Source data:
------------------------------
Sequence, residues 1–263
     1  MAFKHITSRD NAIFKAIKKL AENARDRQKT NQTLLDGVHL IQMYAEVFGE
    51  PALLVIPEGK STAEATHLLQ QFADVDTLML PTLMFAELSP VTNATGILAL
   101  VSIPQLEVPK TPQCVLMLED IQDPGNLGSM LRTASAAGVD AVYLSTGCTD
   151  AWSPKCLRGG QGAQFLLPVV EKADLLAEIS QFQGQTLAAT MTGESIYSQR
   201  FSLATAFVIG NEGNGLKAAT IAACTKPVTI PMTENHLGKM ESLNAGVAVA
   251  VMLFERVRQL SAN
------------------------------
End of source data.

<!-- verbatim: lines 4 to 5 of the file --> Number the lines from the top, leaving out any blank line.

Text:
   101  VSIPQLEVPK TPQCVLMLED IQDPGNLGSM LRTASAAGVD AVYLSTGCTD
   151  AWSPKCLRGG QGAQFLLPVV EKADLLAEIS QFQGQTLAAT MTGESIYSQR